Conflict of Interest: The authors have no conflict of interest to declare.
Seasonal variation of peripheral blood leukocyte telomere length in Costa Rica: A population-based observational study
Article first published online: 25 FEB 2014
Copyright © 2014 Wiley Periodicals, Inc.
American Journal of Human Biology
Volume 26, Issue 3, pages 367–375, May/June 2014
How to Cite
Rehkopf, D. H., Dow, W. H., Rosero-Bixby, L., Lin, J., Epel, E. S. and Blackburn, E. H. (2014), Seasonal variation of peripheral blood leukocyte telomere length in Costa Rica: A population-based observational study. Am. J. Hum. Biol., 26: 367–375. doi: 10.1002/ajhb.22529
- Issue published online: 23 APR 2014
- Article first published online: 25 FEB 2014
- Manuscript Accepted: 1 FEB 2014
- Manuscript Revised: 29 JAN 2014
- Manuscript Received: 16 JUL 2013
- Wellcome Trust Foundation . Grant Number: 072406
- National Institute of Aging . Grant Numbers: P30AG012839 , R01AG031716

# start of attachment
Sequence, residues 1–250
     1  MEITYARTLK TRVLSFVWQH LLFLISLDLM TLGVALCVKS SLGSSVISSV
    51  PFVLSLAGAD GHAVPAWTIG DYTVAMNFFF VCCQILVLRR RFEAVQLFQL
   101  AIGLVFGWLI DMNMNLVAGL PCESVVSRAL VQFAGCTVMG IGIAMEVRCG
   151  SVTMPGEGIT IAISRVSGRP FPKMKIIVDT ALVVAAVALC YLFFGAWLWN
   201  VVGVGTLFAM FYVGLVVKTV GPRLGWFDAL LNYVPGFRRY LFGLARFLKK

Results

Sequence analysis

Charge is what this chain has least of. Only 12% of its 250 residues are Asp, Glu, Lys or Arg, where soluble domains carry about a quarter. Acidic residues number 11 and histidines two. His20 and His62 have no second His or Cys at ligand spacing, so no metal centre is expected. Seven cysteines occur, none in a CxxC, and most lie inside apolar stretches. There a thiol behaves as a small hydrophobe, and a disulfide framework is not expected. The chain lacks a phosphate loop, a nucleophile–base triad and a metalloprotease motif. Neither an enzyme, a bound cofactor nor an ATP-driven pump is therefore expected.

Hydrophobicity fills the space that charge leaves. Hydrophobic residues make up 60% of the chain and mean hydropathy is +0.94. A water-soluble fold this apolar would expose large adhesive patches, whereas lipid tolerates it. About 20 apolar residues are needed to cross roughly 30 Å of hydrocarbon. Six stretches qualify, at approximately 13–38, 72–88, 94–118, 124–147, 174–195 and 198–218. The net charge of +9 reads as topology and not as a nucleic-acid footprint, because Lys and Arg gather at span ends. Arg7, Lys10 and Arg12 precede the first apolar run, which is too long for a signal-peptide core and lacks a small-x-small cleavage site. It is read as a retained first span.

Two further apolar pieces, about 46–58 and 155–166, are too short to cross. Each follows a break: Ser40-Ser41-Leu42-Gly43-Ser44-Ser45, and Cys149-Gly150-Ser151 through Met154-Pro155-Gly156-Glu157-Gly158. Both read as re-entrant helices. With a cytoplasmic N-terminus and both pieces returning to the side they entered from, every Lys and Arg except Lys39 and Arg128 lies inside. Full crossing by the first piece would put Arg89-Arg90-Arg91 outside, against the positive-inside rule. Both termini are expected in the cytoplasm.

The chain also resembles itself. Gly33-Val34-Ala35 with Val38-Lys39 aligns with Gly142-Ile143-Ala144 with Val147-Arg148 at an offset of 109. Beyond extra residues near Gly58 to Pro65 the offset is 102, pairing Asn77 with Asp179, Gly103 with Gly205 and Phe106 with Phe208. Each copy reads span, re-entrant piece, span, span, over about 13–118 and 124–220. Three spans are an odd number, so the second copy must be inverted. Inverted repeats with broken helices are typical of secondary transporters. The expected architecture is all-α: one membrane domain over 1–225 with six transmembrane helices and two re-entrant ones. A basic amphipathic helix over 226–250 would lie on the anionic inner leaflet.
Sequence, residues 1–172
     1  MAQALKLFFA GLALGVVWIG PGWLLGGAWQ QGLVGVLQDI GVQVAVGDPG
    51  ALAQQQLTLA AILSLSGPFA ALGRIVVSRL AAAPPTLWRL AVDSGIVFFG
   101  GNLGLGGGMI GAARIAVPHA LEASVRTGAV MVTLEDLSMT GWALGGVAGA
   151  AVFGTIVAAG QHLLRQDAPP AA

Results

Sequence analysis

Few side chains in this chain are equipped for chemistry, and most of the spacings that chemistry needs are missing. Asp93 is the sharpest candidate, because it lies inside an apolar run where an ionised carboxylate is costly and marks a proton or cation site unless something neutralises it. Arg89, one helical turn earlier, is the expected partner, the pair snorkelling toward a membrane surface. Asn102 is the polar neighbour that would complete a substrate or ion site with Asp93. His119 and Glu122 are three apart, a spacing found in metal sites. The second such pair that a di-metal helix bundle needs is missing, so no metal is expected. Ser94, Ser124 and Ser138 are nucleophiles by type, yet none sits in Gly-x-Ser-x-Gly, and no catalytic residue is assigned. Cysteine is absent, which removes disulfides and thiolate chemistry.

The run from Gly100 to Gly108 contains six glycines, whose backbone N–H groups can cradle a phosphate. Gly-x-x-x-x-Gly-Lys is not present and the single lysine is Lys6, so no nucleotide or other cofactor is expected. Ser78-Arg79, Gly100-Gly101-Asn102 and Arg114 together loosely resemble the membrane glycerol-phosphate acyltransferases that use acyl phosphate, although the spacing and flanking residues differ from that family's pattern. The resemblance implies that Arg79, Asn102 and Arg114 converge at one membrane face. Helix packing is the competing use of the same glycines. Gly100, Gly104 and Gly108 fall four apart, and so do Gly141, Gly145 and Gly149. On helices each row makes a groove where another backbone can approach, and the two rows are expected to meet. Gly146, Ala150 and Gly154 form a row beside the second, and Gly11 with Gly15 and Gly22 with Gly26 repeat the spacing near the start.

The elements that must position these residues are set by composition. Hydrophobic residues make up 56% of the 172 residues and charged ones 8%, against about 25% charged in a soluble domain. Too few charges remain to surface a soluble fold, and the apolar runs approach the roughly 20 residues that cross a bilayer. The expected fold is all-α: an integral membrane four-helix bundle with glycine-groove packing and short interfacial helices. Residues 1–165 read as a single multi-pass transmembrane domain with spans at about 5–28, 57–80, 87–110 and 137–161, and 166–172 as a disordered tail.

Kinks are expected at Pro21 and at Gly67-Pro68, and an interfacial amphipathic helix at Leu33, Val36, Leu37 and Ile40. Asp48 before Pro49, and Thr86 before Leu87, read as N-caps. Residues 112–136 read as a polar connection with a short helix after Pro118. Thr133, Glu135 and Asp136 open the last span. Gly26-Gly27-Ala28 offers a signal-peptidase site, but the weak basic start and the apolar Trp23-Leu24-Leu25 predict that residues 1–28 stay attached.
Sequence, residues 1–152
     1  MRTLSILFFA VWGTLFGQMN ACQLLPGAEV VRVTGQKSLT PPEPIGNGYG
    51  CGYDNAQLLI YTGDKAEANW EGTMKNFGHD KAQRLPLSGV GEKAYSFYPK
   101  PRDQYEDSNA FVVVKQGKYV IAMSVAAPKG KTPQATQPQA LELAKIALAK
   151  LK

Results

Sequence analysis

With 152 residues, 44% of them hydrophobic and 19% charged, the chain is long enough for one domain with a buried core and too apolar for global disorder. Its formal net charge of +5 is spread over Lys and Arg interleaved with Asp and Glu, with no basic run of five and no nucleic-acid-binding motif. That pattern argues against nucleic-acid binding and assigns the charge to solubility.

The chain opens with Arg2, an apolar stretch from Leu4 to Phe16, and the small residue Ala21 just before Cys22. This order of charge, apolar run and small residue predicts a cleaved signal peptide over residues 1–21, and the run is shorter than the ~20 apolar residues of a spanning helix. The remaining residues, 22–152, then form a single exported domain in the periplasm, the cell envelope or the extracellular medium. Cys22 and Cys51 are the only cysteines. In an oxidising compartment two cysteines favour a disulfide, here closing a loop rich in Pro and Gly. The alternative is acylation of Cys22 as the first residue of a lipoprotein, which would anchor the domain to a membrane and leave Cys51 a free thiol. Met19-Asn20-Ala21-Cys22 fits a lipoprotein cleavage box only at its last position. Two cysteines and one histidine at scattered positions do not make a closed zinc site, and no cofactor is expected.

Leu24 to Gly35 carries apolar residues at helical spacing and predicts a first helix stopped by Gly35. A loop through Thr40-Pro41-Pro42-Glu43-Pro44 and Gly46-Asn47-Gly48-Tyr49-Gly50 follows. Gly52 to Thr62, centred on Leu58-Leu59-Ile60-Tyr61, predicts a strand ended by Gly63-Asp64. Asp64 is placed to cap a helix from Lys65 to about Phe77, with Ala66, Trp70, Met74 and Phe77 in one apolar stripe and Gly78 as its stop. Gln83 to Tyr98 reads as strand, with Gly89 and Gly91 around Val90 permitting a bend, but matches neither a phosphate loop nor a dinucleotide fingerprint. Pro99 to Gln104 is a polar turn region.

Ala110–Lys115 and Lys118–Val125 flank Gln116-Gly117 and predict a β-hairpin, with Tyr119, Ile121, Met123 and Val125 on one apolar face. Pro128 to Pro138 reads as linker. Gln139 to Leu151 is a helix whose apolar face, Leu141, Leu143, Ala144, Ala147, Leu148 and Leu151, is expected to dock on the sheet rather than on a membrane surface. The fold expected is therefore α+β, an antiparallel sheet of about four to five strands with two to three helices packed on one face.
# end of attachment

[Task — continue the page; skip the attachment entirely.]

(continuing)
Peripheral blood leukocyte telomere length (LTL) is increasingly being used as a biomarker of aging, but its natural variation in human populations is not well understood. Several other biomarkers show seasonal variation, as do several determinants of LTL. We examined whether there was monthly variation in LTL in Costa Rica, a country with strong seasonal differences in precipitation and infection.
We examined a longitudinal population-based cohort of 581 Costa Rican adults age 60 and above, from which blood samples were drawn between October 2006 and July 2008. LTL was assayed from these samples using the quantitative PCR method. Multivariate regression models were used to examine correlations between month of blood draw and LTL.
Telomere length from peripheral blood leukocytes varied by as much as 200 base pairs depending on month of blood draw, and this difference is not likely to be due to random variation. A moderate proportion of this association is statistically accounted for by month and region specific average rainfall. We found shorter telomere length associated with greater rainfall.
There are two possible explanations of our findings. First, there could be relatively rapid month-to-month changes in LTL. This conclusion would have implications for understanding the natural population dynamics of telomere length. Second, there could be seasonal differences in constituent cell populations. This conclusion would suggest that future studies of LTL use methods to account for the potential impact of constituent cell type. Am. J. Hum. Biol. 26:367–375, 2014. © 2014 Wiley Periodicals, Inc.